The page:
Providers should keep in mind that such policies aren’t binding – but can offer valuable direction.
Imagine your Medicare Administrative Contractor (MAC) had a policy detailing their coverage of records documented by a scribe.
Say that policy had been revoked. You have located a policy by another MAC, CGS. Would it be appropriate to rely on that policy, even though you are not located within CGS’s jurisdiction? Can you treat a policy from another MAC the same as you would one from yours?
These are the good questions a listener by the name of Shannon recently asked me, to which I would say “no, you shouldn’t rely on the CGS policy,” and “yes, you should give it the same weight as you give a policy from your MAC.”
That may seem contradictory, but the truth is that you should give the policy from another MAC jurisdiction exactly the same weight that you give to a policy from your own MAC: not much. Over the last few weeks, we have discussed the enforceability of MAC policies. Because they are neither statutes nor regulations, a MAC policy isn’t binding. It can, however, offer some insight into how a MAC might handle your charts in an audit.
But MACs are not the only entity that may audit you. In fact, they probably are not even the entity most likely to audit you. Your audit might be done by a Recovery Audit Contractor (RAC), Zone Program Integrity Contractor (ZPIC), Unified Program Integrity Contractor (UPIC), or any of the other alphabet soup ingredients of government contractors.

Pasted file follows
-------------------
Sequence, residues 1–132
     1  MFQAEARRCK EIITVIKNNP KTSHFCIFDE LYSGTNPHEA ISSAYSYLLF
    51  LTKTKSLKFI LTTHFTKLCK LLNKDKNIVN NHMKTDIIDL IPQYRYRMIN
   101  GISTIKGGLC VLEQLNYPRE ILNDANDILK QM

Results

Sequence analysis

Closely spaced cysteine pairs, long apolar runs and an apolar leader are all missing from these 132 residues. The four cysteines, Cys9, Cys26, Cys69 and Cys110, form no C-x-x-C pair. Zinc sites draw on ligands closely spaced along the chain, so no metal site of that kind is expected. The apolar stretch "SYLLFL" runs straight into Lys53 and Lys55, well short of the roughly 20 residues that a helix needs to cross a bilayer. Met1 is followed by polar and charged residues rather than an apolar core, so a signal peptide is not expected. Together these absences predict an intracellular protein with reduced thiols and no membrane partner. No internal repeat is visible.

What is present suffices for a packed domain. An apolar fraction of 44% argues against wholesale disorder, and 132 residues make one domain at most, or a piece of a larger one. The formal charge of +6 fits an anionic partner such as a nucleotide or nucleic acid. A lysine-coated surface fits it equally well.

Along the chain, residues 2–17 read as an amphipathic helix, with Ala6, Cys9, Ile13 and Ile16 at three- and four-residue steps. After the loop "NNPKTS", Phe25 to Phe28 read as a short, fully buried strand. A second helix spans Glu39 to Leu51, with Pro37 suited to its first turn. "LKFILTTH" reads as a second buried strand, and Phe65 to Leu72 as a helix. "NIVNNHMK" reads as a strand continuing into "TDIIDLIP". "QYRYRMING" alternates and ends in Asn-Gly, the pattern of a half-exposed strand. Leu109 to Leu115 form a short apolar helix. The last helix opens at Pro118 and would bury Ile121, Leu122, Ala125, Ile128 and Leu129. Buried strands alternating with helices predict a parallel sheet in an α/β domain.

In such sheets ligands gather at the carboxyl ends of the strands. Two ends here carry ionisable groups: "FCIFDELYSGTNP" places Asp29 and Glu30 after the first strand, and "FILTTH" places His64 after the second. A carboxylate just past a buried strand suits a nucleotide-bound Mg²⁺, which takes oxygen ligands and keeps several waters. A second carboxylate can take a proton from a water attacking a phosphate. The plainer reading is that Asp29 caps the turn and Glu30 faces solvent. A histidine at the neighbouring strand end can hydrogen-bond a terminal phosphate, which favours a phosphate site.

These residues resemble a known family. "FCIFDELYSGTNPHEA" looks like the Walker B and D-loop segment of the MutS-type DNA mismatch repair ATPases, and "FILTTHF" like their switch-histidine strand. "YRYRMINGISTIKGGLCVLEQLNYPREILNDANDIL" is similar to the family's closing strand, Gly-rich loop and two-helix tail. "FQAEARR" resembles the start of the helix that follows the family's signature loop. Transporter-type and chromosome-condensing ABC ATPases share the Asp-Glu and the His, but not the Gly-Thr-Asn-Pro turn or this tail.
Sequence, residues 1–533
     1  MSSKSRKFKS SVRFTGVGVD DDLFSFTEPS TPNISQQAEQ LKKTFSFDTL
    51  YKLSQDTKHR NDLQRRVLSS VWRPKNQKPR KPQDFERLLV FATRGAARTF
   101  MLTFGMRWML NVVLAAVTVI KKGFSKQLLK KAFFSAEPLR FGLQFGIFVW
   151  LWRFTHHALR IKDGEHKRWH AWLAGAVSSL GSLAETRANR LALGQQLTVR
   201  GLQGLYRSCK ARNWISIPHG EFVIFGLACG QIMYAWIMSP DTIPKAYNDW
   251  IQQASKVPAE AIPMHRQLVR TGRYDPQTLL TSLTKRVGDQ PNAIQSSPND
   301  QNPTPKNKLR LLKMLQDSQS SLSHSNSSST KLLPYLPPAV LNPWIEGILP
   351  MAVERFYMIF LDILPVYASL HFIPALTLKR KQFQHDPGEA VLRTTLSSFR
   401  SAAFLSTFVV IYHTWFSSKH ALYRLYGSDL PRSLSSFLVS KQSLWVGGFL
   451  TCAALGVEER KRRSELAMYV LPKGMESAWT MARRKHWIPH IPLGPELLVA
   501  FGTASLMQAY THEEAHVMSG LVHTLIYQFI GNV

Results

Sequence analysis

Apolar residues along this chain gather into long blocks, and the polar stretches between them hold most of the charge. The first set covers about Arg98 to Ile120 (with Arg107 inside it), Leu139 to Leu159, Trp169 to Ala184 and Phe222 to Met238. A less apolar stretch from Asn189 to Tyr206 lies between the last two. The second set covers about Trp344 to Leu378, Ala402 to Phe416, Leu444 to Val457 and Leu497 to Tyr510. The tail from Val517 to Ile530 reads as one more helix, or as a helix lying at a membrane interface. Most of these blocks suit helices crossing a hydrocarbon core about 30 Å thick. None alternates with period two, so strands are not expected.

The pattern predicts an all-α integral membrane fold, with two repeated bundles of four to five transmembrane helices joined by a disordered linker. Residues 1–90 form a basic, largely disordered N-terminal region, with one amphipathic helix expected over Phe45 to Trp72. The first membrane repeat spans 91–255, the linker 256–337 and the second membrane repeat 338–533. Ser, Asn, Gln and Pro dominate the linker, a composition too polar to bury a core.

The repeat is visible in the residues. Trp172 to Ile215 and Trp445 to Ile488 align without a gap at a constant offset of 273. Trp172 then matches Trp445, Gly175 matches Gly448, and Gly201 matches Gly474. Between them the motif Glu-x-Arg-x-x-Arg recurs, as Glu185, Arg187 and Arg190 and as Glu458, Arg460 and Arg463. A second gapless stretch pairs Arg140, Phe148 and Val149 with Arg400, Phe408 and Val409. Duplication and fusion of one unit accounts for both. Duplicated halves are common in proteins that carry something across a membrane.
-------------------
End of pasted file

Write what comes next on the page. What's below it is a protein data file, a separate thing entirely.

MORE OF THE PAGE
That reviewer may choose to apply the contractor policy, but they may also choose to disregard it. More importantly, when you are sitting before an administrative law judge (ALJ), 42 C.F.R. § 405.1062(a) makes it clear that the MAC policy is not binding on an ALJ. The bottom line is that the policy from your contractor is basically the same as one from another. It is a data point as you attempt to understand how the reviewers may see an issue, but it does not have the force or effect of a regulation or statute.
This CGS policy on scribes is a good example of why you should not give undue weight to a contractor policy. The policy cites The Joint Commission as support for the policy. Joint Commission policy is utterly irrelevant for most physician practices and even many hospitals. The policy also includes this gem: “it is inappropriate for the scribe to see the patient separately from the physician and make entries in the record unless the employee is licensed, certified NPP billing Medicare for services under the NPP name and number.”
That simple declarative sentence sounds authoritative. But think about it for a moment. Can a patient record information about his or her history in the record? If I complete an online form about my history of present illness (HPI), can that serve as medical record documentation? Of course. But I’m not licensed or certified, nor do I have a Medicare billing number.
This policy, like many MAC policies, includes a purported “requirement” that is wholly made up, unsupported by any statute or regulation, and it doesn’t withstand even a modicum of scrutiny with common sense. It also incorporates provisions from a credentialing body that has no authority over the substantial portion of the healthcare marketplace.
In closing, there is a risk that the MAC or other contractors will apply the policy. And at the first level of appeal, you may not prevail. But when you reach an ALJ, the regulation gives the ALJ the authority to disregard the policy. The odds are good that the LCD will be discounted if it is not supported by higher authority.
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